The team that charmed the world was Costa Rica. There standout player, particularly against the Dutch, was Giancarlo Gonzalez. The Group of Death barely troubled him at all and, over the course of the tournament, the defence he organised let in two goals. Against the Dutch, his performance was outstanding - one of the best of the tournament.
It is always difficult looking into the eyes of a player whose team lost the World Cup final. That was particularly true of Mascherano. He was the best player in the knock-out stages of the tournament - wonderful in the semi-final and final in particular - and if there was such a thing as desert in football one would say he deserved a winners' medal. The German team which won out was a superb attacking team at points. They eviscerated Portugal and Brazil. That they were limited to so few chances against Argentina was largely down to Mascherano's reading of the game, vision and work-rate. The vision was a two-way thing - not only did he have a radar like quality to snuff out attacks his passing was, at points, outstanding. No one was more offended by the ''one man team' jibe that was often levelled at Argentina - they were behind, in the entire tournament, for 7 minutes. The last 7 minutes..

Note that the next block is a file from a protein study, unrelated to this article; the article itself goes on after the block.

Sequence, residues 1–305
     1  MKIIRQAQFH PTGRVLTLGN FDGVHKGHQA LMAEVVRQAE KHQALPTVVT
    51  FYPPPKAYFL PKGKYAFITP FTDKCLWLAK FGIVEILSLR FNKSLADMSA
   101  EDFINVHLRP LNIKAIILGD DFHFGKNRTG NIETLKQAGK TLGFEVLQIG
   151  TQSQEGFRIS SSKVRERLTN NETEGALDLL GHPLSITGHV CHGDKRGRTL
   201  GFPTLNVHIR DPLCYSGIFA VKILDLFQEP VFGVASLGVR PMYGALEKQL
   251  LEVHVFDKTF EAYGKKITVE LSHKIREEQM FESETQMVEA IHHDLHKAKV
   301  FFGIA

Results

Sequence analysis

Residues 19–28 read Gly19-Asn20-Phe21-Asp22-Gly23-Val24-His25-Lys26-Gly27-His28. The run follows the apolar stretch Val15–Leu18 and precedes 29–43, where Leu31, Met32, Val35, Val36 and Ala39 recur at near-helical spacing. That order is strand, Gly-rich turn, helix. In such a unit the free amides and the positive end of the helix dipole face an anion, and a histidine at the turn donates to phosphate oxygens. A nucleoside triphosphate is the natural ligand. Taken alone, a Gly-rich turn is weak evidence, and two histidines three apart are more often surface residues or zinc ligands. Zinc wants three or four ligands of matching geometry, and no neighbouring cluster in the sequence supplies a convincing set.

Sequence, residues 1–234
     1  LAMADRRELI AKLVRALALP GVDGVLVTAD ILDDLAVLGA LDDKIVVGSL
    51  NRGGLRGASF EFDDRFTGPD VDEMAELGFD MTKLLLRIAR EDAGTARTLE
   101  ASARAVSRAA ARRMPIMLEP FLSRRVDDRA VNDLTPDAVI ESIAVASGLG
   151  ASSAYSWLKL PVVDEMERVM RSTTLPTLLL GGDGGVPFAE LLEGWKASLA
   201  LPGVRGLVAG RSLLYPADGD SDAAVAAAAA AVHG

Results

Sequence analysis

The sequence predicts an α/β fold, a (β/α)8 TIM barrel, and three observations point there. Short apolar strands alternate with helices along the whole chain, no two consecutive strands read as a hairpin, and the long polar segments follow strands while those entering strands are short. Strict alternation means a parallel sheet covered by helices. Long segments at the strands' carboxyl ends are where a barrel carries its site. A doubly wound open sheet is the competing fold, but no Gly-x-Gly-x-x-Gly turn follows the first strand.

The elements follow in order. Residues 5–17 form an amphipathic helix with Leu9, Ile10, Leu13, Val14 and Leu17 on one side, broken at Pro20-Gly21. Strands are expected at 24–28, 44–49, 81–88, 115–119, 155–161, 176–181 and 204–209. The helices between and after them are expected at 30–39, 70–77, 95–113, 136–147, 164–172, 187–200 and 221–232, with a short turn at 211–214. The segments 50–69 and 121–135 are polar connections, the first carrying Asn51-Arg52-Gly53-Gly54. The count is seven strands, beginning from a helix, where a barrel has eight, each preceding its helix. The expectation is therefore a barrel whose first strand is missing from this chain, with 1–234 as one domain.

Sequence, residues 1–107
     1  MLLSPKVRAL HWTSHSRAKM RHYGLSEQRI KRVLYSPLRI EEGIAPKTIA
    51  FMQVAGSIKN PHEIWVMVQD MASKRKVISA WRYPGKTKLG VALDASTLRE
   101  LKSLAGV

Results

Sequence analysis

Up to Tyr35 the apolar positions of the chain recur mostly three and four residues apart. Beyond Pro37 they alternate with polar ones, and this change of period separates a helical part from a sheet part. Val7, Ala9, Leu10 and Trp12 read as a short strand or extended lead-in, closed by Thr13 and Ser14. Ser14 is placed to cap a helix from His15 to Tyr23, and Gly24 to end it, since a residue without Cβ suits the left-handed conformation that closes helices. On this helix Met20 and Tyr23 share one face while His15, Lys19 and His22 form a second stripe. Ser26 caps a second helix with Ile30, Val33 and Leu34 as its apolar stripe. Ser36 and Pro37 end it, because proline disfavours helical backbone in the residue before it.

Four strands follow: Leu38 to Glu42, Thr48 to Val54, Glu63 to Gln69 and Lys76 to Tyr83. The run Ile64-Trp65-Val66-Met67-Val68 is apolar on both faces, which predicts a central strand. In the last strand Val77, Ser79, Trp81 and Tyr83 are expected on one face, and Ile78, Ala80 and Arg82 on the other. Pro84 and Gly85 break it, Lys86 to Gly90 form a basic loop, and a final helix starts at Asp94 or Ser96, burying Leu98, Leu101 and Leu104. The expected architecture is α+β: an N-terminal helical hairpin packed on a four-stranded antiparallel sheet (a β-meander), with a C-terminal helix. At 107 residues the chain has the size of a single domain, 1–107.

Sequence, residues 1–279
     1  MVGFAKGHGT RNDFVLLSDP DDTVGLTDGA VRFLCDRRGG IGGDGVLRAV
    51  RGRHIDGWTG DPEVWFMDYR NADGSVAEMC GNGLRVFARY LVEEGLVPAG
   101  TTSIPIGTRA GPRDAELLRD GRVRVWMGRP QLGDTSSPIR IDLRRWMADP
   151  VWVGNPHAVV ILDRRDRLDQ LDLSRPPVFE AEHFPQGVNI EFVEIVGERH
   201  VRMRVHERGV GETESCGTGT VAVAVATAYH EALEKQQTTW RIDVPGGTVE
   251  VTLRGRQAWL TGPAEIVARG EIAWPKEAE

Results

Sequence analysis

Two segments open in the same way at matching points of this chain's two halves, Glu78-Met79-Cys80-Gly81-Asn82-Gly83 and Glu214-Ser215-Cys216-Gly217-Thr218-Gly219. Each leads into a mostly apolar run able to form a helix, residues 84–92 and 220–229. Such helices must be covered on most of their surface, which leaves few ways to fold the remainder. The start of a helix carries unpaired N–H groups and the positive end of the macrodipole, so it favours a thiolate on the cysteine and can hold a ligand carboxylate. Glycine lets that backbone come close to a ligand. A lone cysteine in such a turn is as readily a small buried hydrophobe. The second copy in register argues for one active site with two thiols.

Khedira, Schweinsteiger and Kroos could all sit next to Mascherano but Schweinsteiger was the pick of the bunch. A deep-lying destroyer, like Mascherano, who showed that sumptuous skill can be allied with determination and grit. For years, he has been under-rated but that has changed forever.
Given the passing, solidity and work-rate in the base of midfield there is a bit more freedom up front.
James Rodriguez had the tournament that many of us wanted Messi to have. Running games, running past players and playing football with a grin plastered across his face. His goal against Japan was the finest in the tournament - yes, there were some wonderful blasts from distance (including one from Rodriguez) - because it was so nonchalant. Few players make scoring so beautifully so easy. He was the Cruyff of this tournament.
At points people seemed to think he had arrived from nowhere. That wasn't true - he's been a wonderful player for some time - but he announced himself to the world with a series of jaw-dropping displays.